In Super Smash Bros. 4[edit]

The universe makes its debut in downloadable content for this game, with a playable character, Ryu, a stage in both versions, and a small amount of total trophies.


  • RyuIcon(SSB4-U).png
    Ryu: The popular and iconic wandering world warrior from Capcom makes his Super Smash Bros. debut as a playable downloadable fighter. He is armed with his trademark Hadoken & Shoryuken attacks, his traditional Street Fighter button commands, and his two Final Smashes: Shinku Hadoken and Shin Shoryuken.


  • SuzakuCastleIconSSB4-U.png
    Suzaku Castle: This stage, available for both versions, is a reimagining of Ryu's original stage from Street Fighter II.


  • Ryu Stage: A string-heavy remix of Ryu's stage theme from Street Fighter II, arranged by the song's original composer, Yoko Shimomura.
  • Ken Stage: A more rock remix of Ken's stage theme from Street Fighter II, arranged by Rio Hamamoto.
  • Ryu Stage Type A: the original version of Ryu's stage theme from Street Fighter II.
  • Ken Stage Type A: the original version of Ken's stage theme from Street Fighter II.
  • Ryu Stage Type B: the updated version of Ryu's stage theme from Super Street Fighter II.
  • Ken Stage Type B: the updated version of Ken's stage theme from Super Street Fighter II.


  • Ryu
  • Ryu (Alt)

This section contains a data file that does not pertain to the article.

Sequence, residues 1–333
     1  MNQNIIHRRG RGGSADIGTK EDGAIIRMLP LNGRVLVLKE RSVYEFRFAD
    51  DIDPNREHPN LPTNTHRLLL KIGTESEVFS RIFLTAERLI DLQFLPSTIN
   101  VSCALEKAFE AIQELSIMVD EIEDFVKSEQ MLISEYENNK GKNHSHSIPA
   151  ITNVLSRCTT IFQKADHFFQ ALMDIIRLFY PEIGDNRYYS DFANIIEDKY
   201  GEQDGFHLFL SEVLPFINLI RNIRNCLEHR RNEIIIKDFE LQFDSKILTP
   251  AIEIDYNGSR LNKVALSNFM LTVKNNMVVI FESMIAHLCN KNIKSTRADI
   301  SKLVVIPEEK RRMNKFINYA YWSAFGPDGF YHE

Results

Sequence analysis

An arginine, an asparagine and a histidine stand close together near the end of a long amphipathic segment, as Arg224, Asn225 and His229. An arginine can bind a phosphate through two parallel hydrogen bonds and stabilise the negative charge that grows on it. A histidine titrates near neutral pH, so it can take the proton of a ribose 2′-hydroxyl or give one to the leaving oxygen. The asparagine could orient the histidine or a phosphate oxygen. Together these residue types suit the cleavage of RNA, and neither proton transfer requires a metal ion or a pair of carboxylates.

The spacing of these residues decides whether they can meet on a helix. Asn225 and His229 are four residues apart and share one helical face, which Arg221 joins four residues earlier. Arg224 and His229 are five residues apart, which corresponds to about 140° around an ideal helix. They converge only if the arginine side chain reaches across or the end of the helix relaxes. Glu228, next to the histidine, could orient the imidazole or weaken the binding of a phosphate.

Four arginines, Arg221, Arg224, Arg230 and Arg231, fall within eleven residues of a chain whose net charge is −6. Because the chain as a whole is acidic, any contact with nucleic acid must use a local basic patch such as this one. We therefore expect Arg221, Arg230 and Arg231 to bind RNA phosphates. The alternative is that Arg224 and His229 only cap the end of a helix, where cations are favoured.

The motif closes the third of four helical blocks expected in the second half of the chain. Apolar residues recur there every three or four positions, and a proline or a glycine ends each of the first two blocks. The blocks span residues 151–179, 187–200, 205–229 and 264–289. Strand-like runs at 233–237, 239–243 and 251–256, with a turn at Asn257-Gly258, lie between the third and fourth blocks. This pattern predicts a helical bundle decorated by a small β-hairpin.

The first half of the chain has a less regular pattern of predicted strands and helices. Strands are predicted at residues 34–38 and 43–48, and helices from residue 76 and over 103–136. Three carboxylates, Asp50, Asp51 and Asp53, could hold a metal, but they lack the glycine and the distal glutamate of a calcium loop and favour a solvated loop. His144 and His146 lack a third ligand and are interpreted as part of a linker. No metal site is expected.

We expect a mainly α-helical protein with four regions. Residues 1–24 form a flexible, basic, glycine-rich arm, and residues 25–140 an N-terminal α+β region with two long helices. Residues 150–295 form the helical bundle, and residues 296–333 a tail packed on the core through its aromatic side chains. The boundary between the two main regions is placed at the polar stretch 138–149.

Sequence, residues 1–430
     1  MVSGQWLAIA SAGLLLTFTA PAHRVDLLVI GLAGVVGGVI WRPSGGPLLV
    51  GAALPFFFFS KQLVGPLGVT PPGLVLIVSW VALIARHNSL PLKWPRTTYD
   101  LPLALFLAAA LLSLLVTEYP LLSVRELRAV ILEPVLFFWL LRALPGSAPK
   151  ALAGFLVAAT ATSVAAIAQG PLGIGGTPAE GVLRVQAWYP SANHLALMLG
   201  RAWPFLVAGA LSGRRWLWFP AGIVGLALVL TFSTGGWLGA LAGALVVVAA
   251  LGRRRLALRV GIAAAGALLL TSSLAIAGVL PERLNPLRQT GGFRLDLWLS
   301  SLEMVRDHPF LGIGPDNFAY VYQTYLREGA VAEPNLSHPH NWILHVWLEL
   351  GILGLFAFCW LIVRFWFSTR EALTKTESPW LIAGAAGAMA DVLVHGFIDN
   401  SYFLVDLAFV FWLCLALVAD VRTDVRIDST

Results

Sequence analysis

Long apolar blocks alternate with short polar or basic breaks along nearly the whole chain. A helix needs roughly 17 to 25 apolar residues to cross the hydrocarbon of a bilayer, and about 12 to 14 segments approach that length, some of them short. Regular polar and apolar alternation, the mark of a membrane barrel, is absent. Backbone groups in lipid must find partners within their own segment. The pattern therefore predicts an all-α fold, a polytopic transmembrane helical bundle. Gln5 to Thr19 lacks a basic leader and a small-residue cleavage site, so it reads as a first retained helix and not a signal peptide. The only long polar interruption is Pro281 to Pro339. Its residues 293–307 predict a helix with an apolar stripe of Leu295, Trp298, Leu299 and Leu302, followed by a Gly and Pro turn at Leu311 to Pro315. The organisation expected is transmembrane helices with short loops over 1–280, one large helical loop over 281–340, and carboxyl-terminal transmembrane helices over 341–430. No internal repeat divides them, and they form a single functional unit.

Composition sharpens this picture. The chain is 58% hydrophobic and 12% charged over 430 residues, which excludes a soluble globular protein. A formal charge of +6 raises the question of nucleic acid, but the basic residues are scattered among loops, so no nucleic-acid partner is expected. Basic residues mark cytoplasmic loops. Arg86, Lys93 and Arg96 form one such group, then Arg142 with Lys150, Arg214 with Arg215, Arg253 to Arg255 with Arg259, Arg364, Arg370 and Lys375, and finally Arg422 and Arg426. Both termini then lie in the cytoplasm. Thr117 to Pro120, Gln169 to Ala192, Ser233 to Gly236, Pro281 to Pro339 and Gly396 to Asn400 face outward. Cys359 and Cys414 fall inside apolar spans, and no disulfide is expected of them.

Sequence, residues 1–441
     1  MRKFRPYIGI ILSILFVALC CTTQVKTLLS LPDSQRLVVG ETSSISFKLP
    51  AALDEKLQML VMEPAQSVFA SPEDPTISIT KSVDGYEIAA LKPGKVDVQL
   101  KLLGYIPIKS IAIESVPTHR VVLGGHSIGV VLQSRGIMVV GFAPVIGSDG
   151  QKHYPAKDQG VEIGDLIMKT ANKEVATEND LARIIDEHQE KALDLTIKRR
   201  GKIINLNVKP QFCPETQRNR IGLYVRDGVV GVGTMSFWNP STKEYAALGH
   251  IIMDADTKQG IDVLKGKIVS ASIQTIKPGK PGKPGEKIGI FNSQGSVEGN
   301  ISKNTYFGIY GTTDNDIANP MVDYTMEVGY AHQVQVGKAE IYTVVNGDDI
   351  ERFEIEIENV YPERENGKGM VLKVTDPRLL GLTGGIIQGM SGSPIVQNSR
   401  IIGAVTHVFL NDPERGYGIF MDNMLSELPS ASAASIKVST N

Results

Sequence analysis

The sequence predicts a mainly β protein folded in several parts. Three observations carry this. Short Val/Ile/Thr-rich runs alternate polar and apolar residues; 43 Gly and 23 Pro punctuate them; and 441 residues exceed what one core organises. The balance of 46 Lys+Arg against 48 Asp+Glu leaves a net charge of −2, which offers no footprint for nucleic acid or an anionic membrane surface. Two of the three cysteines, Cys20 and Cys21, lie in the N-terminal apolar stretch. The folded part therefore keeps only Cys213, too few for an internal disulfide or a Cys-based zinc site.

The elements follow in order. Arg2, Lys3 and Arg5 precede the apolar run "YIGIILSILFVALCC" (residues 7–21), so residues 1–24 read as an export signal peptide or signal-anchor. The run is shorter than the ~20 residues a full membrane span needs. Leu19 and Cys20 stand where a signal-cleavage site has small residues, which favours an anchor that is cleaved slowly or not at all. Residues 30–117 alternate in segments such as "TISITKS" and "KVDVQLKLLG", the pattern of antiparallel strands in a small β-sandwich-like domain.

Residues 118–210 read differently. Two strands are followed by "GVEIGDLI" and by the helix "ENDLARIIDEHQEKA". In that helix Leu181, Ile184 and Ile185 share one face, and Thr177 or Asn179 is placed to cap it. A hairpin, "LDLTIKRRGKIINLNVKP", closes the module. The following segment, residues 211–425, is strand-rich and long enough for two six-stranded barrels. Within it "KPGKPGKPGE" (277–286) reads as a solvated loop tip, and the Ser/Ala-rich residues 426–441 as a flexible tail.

• Shinku Hadoken / Shin Shoryuken
  • Ken

In Super Smash Bros. Ultimate[edit]

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The universe continues to be represented by Ryu, with Suzaku Castle returning as a stage. New music has been confirmed on the official website, while other elements remain to be seen.


  • Ryu: Ryu returns to the fight as an unlockable fighter with a largely similar moveset to the previous game. A new mechanic unique to Ryu is that in 1-on-1 matches, he will face his opponent at all times. This is designed to decrease the amount of failed inputs when executing combo specials.


  • SuzakuCastleIconSSB4-U.png
    Super Smash Bros. 4 Suzaku Castle: Suzaku Castle returns, and like other stages in the game sports a rehauled visual style.


  • Vega/Baltic Stage: Similar to Ryu's theme, original composer Yoko Shimomura composed a string-heavy remix of the theme for Vega's (Balrog in Japan) Street Fighter II stage.
  • Super Smash Bros. 4 Ryu Stage: The SSB4 version of this song is featured in Ryu's trailer on the official website.

Games with elements from or in the Super Smash Bros. series[edit]

Street Fighter[edit]

Ryu and Ken naturally made their debut in the original Street Fighter game. Many of Ryu's moves, including the Hadoken, Shoryuken, and Tatsumaki Senpukyaku, also first appeared here, as did his iconic "raised fist" victory pose. Ryu's mechanic of holding the A button down to produce stronger attacks is also a direct callback to the pressure-sensitive buttons of the original Street Fighter arcade machine, which had the same functionality. His on-screen appearance is also similar to his intro in Street Fighter, where he simply walks into the stage.

Street Fighter II[edit]

The Suzaku Castle stage and all of its music tracks debuted here. Ryu's modern-day design (brown hair, red headband, and bare feet) was completely implemented by the time of this game. Ryu's splash art on the Smash Bros. website is a direct homage to this game's original arcade flyer, even drawn by the same artist (Akira "Akiman" Yasuda). Ryu's victory theme is a remix of when the match is over from this game.